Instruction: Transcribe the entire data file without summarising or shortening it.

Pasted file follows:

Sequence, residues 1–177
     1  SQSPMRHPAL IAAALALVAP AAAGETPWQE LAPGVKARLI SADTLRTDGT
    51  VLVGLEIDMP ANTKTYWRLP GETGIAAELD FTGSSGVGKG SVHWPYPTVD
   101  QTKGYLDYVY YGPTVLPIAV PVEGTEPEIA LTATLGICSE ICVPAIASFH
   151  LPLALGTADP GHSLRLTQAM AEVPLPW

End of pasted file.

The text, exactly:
Sequence, residues 1–177
     1  SQSPMRHPAL IAAALALVAP AAAGETPWQE LAPGVKARLI SADTLRTDGT
    51  VLVGLEIDMP ANTKTYWRLP GETGIAAELD FTGSSGVGKG SVHWPYPTVD
   101  QTKGYLDYVY YGPTVLPIAV PVEGTEPEIA LTATLGICSE ICVPAIASFH
   151  LPLALGTADP GHSLRLTQAM AEVPLPW